Graham says Barr will allow Mueller to complete investigation

Sen. Lindsey GrahamLindsey Olin GrahamHouse Armed Services panel gets classified briefing on Saudi attacks America's newest comedy troupe: House GOP GOP group hits Pence over Trump alleged business conflicts MORE (R-S.C.) said ahead of a high-stakes confirmation hearings that President TrumpDonald John TrumpMarine unit in Florida reportedly pushing to hold annual ball at Trump property Giuliani clashes with CNN's Cuomo, calls him a 'sellout' and the 'enemy' Giuliani says 'of course' he asked Ukraine to look into Biden seconds after denying it MORE's nominee for attorney general will let special counsel Robert MuellerRobert (Bob) Swan MuellerLewandowski says Mueller report was 'very clear' in proving 'there was no obstruction,' despite having 'never' read it Fox's Cavuto roasts Trump over criticism of network Mueller report fades from political conversation MORE finish his investigation into Russian interference in the 2016 election.

“I can assure you he has a very high opinion of Mr. Mueller and he is committed to letting Mr. Mueller finish his job,” Graham said on Wednesday after a meeting with William Barr, according to Reuters.

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The Senate Judiciary Committee, which Graham chairs, is scheduled to hold hearings next week for Barr.

The nominee has drawn criticism from Democrats for writing an unsolicited memo last year to the White House criticizing Mueller's investigation, saying that the probe into possible obstruction of justice on Trump's part was based on a "fatally misconceived" theory.

Some Democrats, including Senate Minority Leader Charles Schumer (D-N.Y.), have argued that the memo disqualifies Barr from heading the Department of Justice (DOJ) and thus overseeing the Mueller probe.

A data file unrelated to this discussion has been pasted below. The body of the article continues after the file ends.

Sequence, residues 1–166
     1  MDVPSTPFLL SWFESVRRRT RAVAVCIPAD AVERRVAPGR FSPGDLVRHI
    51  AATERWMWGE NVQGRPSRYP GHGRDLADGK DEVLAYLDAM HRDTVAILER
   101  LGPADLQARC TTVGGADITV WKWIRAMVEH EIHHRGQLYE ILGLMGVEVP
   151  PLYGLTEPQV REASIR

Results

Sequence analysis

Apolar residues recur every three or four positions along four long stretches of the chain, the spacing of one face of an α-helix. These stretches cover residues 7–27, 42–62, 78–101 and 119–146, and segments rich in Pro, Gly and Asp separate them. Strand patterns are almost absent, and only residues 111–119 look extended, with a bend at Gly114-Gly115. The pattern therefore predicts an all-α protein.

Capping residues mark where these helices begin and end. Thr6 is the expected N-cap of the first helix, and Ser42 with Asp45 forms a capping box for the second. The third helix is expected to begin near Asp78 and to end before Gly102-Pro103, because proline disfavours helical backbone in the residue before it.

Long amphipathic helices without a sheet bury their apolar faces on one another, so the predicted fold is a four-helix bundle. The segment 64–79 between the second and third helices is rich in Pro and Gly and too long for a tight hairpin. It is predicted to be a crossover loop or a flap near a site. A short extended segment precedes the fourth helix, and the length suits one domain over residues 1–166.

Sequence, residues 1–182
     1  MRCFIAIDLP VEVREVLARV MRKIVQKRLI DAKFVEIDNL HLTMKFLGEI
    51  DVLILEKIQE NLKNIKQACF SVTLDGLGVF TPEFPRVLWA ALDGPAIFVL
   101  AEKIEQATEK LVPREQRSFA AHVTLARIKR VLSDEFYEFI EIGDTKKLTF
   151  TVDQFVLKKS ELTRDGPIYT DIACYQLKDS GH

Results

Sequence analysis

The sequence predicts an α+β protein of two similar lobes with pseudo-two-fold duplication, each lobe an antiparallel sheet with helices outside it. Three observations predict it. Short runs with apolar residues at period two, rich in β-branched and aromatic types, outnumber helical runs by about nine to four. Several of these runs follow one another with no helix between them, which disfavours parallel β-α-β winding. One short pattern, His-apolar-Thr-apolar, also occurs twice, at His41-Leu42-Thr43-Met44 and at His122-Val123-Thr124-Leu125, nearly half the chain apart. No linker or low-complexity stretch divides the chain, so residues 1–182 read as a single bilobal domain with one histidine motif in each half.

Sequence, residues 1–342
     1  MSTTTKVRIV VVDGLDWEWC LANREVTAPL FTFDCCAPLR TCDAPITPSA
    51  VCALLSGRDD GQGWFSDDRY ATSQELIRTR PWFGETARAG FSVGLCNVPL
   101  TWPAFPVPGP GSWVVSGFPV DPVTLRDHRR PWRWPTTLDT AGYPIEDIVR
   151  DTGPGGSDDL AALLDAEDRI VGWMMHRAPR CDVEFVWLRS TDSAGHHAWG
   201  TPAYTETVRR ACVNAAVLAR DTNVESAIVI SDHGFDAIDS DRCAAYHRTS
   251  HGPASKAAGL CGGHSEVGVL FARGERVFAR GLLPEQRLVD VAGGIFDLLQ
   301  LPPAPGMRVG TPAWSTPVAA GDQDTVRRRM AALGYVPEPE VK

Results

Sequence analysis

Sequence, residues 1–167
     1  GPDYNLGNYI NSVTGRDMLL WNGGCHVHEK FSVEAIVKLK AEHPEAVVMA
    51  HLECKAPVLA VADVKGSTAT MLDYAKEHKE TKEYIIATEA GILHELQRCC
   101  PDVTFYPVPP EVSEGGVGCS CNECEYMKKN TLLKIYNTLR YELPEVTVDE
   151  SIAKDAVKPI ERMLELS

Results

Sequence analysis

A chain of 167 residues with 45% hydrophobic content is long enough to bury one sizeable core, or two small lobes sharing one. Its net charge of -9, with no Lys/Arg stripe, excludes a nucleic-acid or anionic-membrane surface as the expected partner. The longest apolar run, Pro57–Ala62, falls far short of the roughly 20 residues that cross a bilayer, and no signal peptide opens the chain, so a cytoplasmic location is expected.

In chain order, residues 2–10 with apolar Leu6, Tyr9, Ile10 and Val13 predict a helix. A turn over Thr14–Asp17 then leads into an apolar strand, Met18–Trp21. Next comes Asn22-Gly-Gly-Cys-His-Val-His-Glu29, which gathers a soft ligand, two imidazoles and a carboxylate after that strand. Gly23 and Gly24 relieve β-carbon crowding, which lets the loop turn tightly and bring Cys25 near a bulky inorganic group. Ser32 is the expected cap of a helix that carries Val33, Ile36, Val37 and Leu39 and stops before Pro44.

Schumer on Wednesday called on Trump to withdraw Barr's nomination.

"After the revelations about Mr. Barr’s unsolicited memo, President Trump ought to withdraw this nomination,” Schumer said from the Senate floor, according to Politico.

Barr's meetings with senators on Wednesday follow reports that emerged earlier in the day that Deputy Attorney General Rod RosensteinRod RosensteinLewandowski says Mueller report was 'very clear' in proving 'there was no obstruction,' despite having 'never' read it Nadler's House committee holds a faux hearing in search of a false crime House Democrats seeking Sessions's testimony in impeachment probe MORE — who originally appointed Mueller — will depart from his post sometime after Barr's confirmation hearings.

Sen. Tim KaineTimothy (Tim) Michael KaineDemocrats hit Scalia over LGBTQ rights Missouri Republican wins annual craft brewing competition for lawmakers Sen. Kaine: No reason for US to 'engage in military action to protect Saudi oil' MORE (D-Va.) told CNN's "New Day" that Rosenstein's looming departure would "raise the stakes" of Barr's confirmation hearings.

"William Barr was sending freelance memos to the Trump administration making a case to undercut the Mueller investigation," Kaine said on Wednesday morning. "So the deep concern will be if he comes in and Rosenstein is gone, is this just a, you know, preface to either undercutting the investigation or trying to keep the results of it hidden from the American public."

Trump has long lashed out at the DOJ over the Russia investigation, calling it a "witch hunt" and claiming that the probe is politically motivated. 

Trump's previous attorney general, Jeff SessionsJefferson (Jeff) Beauregard SessionsDemocrats press Nadler to hold Lewandowski in contempt Pelosi: Lewandowski should have been held in contempt 'right then and there' Democrats bicker over strategy on impeachment MORE, drew the president's ire for recusing himself from the investigation and was ultimately forced into resigning.